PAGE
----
Archive for the 'on the road again' Category

Rain in Monument Valley

Rainfall

The Better Half took the (clickable) image above of a squall in the distance as seen from our campground. We had a few raindrops fall here, but not enough to make the ground wet.

There is rain in the forecast along our planned route for the next couple of days as we conclude this trip. Both TBH and I welcome a bit of rain to wash off some of the road crud and dirt from the big RV.

We plan to get the RV to the dealer to fix some squawks and do some minor tune-up maintenance after this trip. The Freightliner Chassis, drive train and suspension has worked like a charm, but several annoying coach-related issues need to be addressed including drawers that don’t latch and come open during travel, loose wood trim and a broken mounting bracket for one of the window shades. There are others as well.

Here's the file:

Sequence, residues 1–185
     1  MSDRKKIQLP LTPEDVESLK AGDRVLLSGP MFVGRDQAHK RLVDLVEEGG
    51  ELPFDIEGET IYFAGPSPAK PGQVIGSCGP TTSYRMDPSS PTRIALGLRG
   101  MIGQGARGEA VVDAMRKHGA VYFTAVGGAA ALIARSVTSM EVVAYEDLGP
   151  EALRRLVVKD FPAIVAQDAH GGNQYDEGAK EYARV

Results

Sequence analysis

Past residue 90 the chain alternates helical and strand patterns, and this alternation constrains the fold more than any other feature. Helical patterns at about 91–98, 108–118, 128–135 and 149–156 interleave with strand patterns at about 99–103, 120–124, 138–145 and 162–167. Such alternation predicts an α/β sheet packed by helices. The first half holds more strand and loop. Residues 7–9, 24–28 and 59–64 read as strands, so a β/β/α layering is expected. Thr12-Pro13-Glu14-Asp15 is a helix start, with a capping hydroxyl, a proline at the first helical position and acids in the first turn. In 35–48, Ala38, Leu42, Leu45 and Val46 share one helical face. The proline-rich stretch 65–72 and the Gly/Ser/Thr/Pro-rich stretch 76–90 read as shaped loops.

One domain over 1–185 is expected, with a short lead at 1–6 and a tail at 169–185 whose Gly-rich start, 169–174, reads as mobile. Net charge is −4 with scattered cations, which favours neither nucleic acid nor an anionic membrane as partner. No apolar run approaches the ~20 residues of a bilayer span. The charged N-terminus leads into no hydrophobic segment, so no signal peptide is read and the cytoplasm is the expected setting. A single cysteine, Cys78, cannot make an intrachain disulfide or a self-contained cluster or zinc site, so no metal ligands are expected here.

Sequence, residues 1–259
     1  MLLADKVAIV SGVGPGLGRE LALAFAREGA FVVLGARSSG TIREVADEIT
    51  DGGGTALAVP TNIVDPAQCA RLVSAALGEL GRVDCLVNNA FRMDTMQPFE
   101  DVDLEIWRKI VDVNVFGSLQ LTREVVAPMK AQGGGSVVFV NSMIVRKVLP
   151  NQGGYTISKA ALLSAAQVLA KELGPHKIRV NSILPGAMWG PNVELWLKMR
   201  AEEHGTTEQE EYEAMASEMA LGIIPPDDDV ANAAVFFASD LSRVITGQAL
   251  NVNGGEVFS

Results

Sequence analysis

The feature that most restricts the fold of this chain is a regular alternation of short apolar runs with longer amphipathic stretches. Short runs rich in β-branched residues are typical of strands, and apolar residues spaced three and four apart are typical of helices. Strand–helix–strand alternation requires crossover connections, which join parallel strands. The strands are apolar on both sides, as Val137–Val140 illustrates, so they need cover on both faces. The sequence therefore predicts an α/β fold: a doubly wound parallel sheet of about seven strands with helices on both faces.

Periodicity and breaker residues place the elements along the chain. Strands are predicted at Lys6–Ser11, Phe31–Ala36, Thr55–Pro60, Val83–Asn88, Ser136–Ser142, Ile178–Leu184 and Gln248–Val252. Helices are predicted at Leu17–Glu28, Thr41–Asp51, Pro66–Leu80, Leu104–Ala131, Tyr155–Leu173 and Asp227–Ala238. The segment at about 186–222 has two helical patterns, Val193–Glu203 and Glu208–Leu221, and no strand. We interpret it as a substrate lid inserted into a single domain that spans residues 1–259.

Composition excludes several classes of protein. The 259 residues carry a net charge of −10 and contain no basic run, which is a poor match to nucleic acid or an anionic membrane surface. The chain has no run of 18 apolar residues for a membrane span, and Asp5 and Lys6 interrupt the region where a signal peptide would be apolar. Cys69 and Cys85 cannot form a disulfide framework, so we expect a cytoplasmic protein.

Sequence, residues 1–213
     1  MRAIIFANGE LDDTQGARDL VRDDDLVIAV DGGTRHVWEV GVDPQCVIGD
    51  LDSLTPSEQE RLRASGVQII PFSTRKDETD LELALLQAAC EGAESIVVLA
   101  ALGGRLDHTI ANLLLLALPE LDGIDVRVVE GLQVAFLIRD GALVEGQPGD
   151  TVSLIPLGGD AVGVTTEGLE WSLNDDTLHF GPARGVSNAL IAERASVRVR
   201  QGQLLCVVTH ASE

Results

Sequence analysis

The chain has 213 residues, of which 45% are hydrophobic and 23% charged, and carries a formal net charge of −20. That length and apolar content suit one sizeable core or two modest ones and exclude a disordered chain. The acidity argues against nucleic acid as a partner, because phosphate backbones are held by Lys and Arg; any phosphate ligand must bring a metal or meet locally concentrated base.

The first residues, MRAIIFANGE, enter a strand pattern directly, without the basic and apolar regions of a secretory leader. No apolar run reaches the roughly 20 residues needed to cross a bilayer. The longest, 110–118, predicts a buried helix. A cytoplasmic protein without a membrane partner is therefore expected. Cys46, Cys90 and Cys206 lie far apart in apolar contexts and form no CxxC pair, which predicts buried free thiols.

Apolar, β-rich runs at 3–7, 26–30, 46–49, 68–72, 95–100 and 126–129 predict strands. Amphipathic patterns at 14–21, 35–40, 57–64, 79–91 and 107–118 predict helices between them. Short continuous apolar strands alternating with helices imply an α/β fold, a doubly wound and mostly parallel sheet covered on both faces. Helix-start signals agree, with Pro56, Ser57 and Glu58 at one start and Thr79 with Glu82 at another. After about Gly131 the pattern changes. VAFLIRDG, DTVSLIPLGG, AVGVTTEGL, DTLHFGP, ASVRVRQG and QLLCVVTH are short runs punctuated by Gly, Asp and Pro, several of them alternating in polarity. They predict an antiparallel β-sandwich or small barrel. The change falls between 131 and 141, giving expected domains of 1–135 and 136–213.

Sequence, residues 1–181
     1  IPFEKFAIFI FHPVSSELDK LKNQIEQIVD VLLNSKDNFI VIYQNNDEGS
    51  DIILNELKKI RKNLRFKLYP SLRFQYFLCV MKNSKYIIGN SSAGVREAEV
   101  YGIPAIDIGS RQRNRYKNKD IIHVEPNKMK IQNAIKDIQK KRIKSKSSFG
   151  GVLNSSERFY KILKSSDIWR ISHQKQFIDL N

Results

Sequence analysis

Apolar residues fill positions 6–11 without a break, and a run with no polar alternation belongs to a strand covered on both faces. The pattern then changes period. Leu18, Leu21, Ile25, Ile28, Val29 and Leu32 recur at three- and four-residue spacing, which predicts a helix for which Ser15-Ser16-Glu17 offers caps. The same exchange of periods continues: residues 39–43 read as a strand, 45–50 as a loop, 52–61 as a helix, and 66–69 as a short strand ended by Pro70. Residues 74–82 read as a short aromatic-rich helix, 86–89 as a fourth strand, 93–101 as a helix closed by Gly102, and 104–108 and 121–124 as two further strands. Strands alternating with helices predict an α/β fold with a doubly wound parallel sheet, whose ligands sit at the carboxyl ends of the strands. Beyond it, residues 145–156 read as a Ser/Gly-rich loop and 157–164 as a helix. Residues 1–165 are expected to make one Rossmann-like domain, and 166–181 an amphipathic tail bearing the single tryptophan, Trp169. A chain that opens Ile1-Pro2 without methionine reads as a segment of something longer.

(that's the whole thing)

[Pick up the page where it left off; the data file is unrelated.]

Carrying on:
Nevada Northern Railroad Museum

Baggage CartsVintage Railway Express TruckMuseum Rail Yard

On our way out of town this morning, we drove by the Nevada Northern Railroad Museum, located in Ely, Nevada. We did not stop and go in, but The Better Half managed to get these shots as we drove by.

Left to right, we have some vintage baggage carts displaying the museum banner, a classic Railway Express Delivery Truck and the north end of the NNRM Rail Yard with vintage equipment. All are clickable images.